Studying species

Studying species

The Brazos River Authority was the first river authority to execute a Candidate Conservation Agreement with Assurances with the U.S. Fish and Wildlife Service, and now that plan will be further improved.

The plan was presented to the Board of Directors at their regular meeting on Jan. 31, 2022. 

There are 1,207 species currently listed on the Texas Parks and Wildlife Department’s rare, threatened and endangered species database and USFWS’s threatened and endangered animals and plant lists

Aquatic scientists reviewing data

So how do you track all those species day-in and day-out to ensure they don’t present complications to necessary water supply while still protecting them? The answer is to create an evaluation methodology and then monitor the species that could have a likelihood of impact, said Tiffany Malzahn, BRA environmental and compliance manager. Once those species are identified, staff can recommend appropriate responses, such as further monitoring, a special study, or additions to the Candidate Conservation Agreement with Assurances. 

The CCAA solidifies a voluntary partnership between the BRA and the USFWS to address the conservation needs of two Brazos basin species of freshwater mussels listed for Endangered Species Act protection. The Texas fawnsfoot, Truncilla macrodon, and the Balcones Spike, Fusconaia iheringi, are currently listed with critical habitat established in the Brazos River basin.

After a review of the 1,207 species, three ranked high enough for review, Malzahn said. Two were freshwater mussels already covered in the Candidate Conservation Agreement with Assurances. The other is the Brazos Water Snake or Nerodia harteri. Malzahn will bring a recommended plan before the Board at a future meeting focused on the snake.

Having a scientific methodology in place can help the Board and the BRA determine how much time and effort is dedicated to developing data on one species within the Brazos River basin. The BRA’s environmental services department regularly monitors different fish and wildlife species as a means of tracking the health of the Brazos River basin ecosystem.

BRA General Manager/CEO David Collinsworth said if we don’t have the science, we don’t have the data, and we can’t argue and fight for our water or the snake because the data doesn’t exist.

“The way the world turns right now, if the science isn’t collected to help justify whether we need to go left or we need to go right, then we’re going to find ourselves in a position of not being able to fight for our water supply whether the way the movement is going is right or wrong,” Collinsworth said.

Also at the meeting, the Board authorized Collinsworth to execute a $130,000 fiscal year 2022 budget adjustment to the Lake Granbury reinforced concrete components capital improvement project. The project is a more in-depth evaluation of embankment retaining walls at Lake Granbury’s DeCordova Bend Dam, work that helps extend the life of the dam, which was completed in 1969. The engineering consultant, Walter P. Moore, performed work quicker than anticipated, so money expected to be spent the following year on the project needed to be moved. The Board likely will receive a final report on the project in March.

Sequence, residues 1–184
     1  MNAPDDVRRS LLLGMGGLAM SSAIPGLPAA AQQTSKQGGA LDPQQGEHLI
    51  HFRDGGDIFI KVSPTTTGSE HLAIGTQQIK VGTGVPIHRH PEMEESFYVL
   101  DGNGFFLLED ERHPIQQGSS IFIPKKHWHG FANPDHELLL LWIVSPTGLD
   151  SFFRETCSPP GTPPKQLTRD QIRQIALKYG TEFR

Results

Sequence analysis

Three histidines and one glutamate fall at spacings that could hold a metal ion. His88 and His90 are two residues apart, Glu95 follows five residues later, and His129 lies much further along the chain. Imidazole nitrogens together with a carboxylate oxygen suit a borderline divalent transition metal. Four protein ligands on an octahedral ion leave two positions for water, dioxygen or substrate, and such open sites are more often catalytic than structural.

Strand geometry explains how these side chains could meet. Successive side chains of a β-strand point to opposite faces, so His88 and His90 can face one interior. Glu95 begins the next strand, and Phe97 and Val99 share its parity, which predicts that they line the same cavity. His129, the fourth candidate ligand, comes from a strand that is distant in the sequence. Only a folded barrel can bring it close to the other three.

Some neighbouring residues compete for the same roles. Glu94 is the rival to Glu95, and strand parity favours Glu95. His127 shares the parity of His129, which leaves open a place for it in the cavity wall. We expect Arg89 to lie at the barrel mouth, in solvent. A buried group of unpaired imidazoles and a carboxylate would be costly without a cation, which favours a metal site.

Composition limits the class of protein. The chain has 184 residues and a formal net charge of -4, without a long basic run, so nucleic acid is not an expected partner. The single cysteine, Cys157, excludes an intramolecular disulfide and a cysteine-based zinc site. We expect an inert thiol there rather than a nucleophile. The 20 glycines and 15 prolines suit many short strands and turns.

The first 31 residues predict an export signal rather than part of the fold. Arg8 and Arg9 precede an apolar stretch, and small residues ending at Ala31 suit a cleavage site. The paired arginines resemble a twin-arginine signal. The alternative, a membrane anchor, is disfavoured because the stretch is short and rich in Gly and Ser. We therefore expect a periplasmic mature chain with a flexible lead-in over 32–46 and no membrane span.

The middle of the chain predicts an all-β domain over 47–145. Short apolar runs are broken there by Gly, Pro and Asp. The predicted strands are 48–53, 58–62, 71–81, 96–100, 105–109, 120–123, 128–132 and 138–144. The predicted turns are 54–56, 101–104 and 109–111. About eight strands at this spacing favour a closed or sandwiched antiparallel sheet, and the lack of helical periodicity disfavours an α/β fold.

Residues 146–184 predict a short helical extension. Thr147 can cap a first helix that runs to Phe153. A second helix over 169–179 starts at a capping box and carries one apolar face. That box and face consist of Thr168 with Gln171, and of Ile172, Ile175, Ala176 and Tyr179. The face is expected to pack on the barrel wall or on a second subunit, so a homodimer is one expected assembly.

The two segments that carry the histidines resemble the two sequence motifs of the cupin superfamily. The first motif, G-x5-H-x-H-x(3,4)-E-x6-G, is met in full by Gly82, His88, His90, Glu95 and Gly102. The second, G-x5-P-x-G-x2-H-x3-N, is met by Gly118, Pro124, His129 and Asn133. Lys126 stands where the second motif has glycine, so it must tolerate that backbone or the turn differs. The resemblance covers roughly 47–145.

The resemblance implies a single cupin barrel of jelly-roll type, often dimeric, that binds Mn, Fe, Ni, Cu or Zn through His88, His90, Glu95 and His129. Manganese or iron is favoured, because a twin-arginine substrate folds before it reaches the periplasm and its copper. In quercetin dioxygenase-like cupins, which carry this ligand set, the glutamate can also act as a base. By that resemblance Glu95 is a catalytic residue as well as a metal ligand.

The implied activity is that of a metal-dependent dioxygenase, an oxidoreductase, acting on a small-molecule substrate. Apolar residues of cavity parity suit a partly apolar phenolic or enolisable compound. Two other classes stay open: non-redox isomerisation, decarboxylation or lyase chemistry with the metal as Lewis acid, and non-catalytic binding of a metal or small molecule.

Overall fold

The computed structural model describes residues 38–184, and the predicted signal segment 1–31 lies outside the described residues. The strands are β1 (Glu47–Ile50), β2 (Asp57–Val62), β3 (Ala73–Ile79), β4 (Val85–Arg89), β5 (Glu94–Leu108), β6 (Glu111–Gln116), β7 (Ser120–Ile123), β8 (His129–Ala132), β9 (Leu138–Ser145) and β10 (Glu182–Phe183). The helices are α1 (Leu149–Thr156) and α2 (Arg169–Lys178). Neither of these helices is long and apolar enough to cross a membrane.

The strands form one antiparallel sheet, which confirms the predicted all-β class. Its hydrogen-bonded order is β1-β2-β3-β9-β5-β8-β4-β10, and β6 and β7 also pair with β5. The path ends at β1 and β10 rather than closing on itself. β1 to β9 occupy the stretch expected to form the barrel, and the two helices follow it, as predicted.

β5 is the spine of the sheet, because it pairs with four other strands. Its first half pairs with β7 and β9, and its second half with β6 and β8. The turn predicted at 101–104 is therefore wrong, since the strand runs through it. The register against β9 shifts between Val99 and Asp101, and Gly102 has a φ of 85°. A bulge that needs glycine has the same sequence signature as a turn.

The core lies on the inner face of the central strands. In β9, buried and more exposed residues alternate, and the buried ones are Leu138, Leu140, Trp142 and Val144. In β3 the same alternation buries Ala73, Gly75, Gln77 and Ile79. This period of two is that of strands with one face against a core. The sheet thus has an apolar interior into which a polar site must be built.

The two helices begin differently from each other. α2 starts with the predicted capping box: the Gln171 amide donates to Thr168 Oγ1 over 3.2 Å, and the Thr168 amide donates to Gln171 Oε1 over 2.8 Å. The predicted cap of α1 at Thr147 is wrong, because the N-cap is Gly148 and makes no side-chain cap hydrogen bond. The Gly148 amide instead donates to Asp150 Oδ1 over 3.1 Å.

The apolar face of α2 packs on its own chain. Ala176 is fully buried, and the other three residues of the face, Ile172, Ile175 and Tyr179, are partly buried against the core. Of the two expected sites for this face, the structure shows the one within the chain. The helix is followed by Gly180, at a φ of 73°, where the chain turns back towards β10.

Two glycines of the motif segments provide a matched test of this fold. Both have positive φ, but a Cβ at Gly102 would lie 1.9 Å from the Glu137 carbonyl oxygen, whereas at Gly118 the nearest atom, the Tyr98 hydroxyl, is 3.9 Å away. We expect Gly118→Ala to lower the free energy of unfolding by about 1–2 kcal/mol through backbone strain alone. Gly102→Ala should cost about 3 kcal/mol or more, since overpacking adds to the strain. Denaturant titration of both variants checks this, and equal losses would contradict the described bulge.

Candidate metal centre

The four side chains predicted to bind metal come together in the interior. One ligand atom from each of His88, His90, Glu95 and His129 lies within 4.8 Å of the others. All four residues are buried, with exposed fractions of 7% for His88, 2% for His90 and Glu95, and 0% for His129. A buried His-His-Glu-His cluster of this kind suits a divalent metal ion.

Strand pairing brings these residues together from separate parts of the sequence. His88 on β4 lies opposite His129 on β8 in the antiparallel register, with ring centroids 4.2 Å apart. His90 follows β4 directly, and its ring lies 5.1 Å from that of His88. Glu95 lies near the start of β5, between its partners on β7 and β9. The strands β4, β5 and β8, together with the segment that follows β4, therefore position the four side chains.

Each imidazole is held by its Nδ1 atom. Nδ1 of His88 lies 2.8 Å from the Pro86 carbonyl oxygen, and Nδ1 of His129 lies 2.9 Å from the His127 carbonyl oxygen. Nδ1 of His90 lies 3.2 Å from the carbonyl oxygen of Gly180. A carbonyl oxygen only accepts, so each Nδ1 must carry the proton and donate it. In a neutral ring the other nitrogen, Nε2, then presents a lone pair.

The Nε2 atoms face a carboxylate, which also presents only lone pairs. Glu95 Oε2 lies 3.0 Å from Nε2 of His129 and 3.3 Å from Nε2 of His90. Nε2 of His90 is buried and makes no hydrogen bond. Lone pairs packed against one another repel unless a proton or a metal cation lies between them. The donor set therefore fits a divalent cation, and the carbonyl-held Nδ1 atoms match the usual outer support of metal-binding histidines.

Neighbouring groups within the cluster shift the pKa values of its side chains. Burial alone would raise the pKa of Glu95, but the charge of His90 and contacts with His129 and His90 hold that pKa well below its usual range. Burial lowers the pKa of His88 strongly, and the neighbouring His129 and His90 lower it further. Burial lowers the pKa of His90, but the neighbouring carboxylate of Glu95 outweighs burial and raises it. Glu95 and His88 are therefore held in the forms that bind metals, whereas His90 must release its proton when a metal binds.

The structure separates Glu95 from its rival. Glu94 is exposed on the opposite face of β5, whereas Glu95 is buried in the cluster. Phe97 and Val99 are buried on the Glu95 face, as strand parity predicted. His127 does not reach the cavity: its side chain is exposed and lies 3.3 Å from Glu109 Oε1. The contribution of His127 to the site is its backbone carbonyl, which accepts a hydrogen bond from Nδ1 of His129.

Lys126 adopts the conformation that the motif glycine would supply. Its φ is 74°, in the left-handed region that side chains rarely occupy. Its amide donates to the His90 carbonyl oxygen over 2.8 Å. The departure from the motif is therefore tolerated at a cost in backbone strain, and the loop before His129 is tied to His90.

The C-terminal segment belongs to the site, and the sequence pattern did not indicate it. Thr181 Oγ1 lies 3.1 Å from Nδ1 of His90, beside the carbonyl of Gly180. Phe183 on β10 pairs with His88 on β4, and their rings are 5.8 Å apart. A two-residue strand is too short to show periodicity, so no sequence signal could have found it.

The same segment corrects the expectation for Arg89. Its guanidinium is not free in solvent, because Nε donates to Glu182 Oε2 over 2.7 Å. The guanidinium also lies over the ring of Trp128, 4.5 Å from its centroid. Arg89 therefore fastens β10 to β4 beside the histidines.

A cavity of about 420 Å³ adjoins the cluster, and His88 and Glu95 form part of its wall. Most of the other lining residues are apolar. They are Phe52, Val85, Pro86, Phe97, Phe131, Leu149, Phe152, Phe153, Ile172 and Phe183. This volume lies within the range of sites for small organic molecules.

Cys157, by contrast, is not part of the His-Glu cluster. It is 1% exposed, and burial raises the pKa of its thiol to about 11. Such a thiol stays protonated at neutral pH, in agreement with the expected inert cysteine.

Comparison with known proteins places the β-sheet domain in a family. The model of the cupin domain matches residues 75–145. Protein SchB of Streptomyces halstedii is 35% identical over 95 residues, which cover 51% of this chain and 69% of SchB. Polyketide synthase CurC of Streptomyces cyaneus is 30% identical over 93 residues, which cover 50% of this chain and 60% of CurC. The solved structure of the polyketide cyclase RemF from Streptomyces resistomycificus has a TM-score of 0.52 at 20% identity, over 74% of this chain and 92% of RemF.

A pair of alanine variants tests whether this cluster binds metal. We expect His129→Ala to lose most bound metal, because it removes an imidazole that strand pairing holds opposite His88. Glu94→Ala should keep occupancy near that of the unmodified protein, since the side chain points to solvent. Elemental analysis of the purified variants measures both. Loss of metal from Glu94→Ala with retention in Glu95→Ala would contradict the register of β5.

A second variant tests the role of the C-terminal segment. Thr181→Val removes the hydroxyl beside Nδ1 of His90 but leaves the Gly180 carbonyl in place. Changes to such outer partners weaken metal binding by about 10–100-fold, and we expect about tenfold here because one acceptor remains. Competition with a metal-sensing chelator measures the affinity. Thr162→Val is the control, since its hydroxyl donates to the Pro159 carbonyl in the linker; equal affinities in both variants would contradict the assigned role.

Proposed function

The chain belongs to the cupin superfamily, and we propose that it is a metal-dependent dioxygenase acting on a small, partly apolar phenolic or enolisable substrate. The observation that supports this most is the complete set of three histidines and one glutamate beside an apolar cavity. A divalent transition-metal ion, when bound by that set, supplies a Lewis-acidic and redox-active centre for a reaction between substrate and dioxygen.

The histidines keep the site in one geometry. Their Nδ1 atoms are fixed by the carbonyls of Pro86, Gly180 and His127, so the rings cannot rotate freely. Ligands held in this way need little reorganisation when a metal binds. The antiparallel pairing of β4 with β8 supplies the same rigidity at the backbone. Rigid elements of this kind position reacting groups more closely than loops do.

General Manager/CEO David Collinsworth, Davy Moore, and BRA Presiding Officer Cynthia A. Flores
General Manager/CEO David Collinsworth, Davy Moore, and BRA Presiding Officer Cynthia A. Flores
John Dickson
John Dickson

During the meeting, Collinsworth took a moment to recognize the dedication of a 46-year employee with the Brazos River Authority.

Davy Moore retired Jan. 31, 2022, as the Lake Limestone reservoir manager. Moore, obviously, started when he was four, Collinsworth said with a laugh. Collinsworth said it’s not often he brings a retiring employee before the Board, but Moore is full of honor and integrity and has dedicated a significant amount of time to the organization. He said he sleeps well knowing Moore has mentored so many within the organization. 

“Davy is one of those reasons that the BRA is first class,” he said.

John Dickson, BRA property and land administrator, was named the next reservoir manager for Lake Limestone. He began in the new role Feb. 1, 2022.

Collinsworth said the next few Board meetings will be busy. In March, BRA staff will present proposed changes to the three reservoir’s rules and regulations. And in May, the Board will be presented with the proposed 2023 budget and strategic plan for review.

The last time the rules and regulations had major revisions for Possum Kingdom Lake and lakes Granbury and Limestone was 2014. After the Board reviews the recommendations, the public will have 30 days to submit any comments regarding the proposal before a final draft is brought back before the Board.

The remaining 2022 Board meeting dates are:

•    March 28, 2022
•    May 23, 2022
•    July 25, 2022
•    Sept. 26, 2022
•    Nov. 14, 2022

Sign up for email board meeting notices here.

Collinsworth will present meeting highlights, among other information, during the next virtual public meeting Feb. 10, 2022. The hourlong Brown Bag on the Brazos allows the public the opportunity to ask questions of BRA management.

For a complete list of board actions from the meeting, go here. Or watch the full board meeting here.

Still have questions? Email information@brazos.org.